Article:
Whilst continuing to work in the racing department, Ramponi was assigned to the important role of chief test driver for the new Alfa Romeo 6C 1500 project. Working directly under Jano he was allowed to enter the Cuneo—Maddalena hillclimb in August 1927. Having received instructions to take care and make sure that he finished, Ramponi came home in third place.
In 1928 Ramponi served as rinding mechanic to Campari in a supercharged version of the Alfa Romeo 6C 1500 Sport Spider Zagato. The Campari/Ramponi entry won the race beating a strong OM and Lancia opposition, leading the first OM home by around fourteen minutes. The following year the duo drove an upgraded Alfa Romeo 6C 1750 home in first place ahead of an OM by a mere 8 minutes — after a race that lasted 18 hours!
Ramponi’s own racing career finally started to bear fruit … in England. The 1928 Essex Motor Club Six Hour Race at Brooklands was the biggest win of Giulio’s career so far as a driver. The following year he returned but now Junior Car Club organized a 24 hour race at the track. The residents of Weybridge were none too keen on night racing at the track so the event was split into two twelve-hour parts, run between 8 am and 8 pm. Four of the latest Alfa 1500 Super Sport models were collected from Italy then driven to England by Giulio, Count ‘Johnny’ Lurani, Perfetti, a works mechanic, and the works foreman, W.E. Dunkley. Once again Ramponi won on handicap from the Davis/Gunter 4.5 litre Bentley at an average speed of 77.37 mph. Another Bentley placed third with Boris Ivanovsky’s Alfa in fourth. Ramponi won a generous prize fund but his proposal that his mechanic, Perfetti, should receive a percentage of the prize fund was rejected out of hand by the Alfa Romeo management less other mechanics get any ideas.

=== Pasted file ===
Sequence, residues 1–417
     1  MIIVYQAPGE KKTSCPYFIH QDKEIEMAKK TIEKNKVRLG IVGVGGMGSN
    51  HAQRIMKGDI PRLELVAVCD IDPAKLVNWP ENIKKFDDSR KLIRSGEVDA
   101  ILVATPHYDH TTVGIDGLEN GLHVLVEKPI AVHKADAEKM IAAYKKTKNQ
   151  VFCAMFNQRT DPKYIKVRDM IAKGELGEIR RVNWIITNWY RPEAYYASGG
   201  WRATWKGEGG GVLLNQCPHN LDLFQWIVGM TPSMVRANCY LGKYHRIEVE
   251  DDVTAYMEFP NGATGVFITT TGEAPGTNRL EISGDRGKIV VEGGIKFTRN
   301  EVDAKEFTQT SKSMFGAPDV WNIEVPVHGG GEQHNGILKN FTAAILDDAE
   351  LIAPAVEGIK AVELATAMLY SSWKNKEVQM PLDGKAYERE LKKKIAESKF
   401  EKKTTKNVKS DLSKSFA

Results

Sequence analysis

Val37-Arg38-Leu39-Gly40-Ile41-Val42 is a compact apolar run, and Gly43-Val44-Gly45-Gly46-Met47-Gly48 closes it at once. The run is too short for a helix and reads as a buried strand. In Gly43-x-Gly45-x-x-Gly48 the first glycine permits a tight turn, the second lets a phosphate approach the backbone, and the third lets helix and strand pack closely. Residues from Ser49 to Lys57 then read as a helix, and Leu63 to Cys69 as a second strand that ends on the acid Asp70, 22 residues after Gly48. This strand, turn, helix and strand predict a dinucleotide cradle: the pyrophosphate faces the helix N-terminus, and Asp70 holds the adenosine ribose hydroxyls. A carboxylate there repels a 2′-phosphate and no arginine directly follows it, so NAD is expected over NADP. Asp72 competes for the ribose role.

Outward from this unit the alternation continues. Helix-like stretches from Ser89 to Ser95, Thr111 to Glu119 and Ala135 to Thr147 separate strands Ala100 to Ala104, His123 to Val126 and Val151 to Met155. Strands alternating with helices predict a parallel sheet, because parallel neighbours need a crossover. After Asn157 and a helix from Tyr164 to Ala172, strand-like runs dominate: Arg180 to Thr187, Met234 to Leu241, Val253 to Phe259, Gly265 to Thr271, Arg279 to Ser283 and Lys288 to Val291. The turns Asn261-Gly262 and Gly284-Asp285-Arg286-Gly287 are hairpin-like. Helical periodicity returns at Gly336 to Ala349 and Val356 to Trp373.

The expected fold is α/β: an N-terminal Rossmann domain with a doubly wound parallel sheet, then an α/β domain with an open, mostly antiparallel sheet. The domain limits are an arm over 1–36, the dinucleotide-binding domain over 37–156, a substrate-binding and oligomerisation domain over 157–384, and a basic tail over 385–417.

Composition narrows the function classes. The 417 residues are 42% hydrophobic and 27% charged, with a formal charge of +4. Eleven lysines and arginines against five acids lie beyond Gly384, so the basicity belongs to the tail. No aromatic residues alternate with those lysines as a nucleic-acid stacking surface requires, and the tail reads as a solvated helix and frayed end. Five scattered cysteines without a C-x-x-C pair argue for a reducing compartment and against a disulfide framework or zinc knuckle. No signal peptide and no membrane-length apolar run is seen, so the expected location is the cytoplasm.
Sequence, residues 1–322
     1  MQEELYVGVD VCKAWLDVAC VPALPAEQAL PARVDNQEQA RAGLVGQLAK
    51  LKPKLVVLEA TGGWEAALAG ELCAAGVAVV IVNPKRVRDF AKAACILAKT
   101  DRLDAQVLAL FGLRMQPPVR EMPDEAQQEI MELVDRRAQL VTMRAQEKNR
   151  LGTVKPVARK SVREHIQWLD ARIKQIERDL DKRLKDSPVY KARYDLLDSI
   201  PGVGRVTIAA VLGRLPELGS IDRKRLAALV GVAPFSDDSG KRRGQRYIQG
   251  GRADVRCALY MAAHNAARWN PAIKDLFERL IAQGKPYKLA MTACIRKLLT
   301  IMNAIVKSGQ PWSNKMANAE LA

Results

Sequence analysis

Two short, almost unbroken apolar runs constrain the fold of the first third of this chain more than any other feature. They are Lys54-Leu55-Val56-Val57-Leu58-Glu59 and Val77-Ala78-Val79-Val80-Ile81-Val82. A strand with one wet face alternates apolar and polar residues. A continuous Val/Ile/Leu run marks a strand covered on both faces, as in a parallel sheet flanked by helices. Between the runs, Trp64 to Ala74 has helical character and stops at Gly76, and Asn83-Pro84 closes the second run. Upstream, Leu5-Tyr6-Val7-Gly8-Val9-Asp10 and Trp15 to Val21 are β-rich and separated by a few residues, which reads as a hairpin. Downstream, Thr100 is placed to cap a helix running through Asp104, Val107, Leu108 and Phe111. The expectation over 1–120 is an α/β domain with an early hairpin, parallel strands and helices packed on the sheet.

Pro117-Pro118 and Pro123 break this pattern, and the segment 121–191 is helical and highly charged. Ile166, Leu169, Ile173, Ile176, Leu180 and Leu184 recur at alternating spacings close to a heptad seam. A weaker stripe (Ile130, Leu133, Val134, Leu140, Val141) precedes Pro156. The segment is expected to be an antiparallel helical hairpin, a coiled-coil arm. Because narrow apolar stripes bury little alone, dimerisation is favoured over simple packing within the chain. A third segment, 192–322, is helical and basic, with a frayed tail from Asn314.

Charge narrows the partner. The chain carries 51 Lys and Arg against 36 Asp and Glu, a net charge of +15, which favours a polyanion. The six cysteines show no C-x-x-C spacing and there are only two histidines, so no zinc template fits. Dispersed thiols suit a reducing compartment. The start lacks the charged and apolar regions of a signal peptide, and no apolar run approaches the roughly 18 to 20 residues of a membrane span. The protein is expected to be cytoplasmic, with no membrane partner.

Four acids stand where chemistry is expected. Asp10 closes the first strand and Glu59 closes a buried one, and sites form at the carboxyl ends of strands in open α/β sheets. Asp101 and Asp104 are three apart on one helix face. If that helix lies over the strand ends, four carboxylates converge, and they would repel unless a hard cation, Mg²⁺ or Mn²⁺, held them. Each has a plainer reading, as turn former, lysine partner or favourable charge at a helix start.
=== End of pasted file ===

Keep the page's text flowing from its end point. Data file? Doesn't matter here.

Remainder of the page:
With the Fascist government in Italy extending their influence to all parts of daily life Ramponi found himself divorced from his own country. Remembering the feeling of freedom he experienced in the UK and the friends that he had made there, Ramponi made a momentous decision and decided to turn his back on his native land and emigrate to England.
It had all started when Whitney Straight, a wealthy American went to Italy and bought a pair of Maseratis direct from the factory in Bologna. Whilst in Italy shopping for cars, Straight made contact with Ramponi and soon Giulio was headed back to England as chief engineer for the new team. Amongst the other mechanics was one Billy Rockell, a former Bentley mechanic, who would later would go into partnership with Ramponi. Although Straight and his team enjoyed some success the American abruptly decided to retire from racing at the end of 1934. As one last job for Straight, Ramponi and Rockell converted one of the Maseratis into a road-legal sports car. This work was carried out at a shop in Lancaster Mews close to London’s Hyde Park; this address would become the home of the Ramponi Rockell business. During his time with Straight, Ramponi had also taken on the preparation of an MG for a talented young English driver named Richard Seaman.
After Straight’s retirement from racing, Seaman asked Ramponi to prepare an ERA for the 1935 season. Seaman enjoyed little success with the car and asked Ramponi to look out for something better for the following year. That decision would lead a ten year old Grand Prix Delage that would propel Seaman into the front rank of motor racing in 1937 with Mercedes Benz and the car, the Black Delage into immortality. When Seaman died at Spa, Belgium in 1939 Ramponi was heartbroken, for Seaman had been like a son to him and he had great hopes for his career.
World War II reached England and Ramponi even though an anti-fascist, was interned as an enemy alien to a camp on the Isle of Man. Released in 1944, Ramponi worked for a short time at Bristol-Siddeley, contributing towards the allied war effort, before re-emerging at the end of the war at Lancaster Mews where the old Ramponi Rockell team were soon back in action selling and servicing Alfa Romeos. Having visited South Africa with Whitney Straight before the war Ramponi retired to South Africa in 1973, he died in December 1986.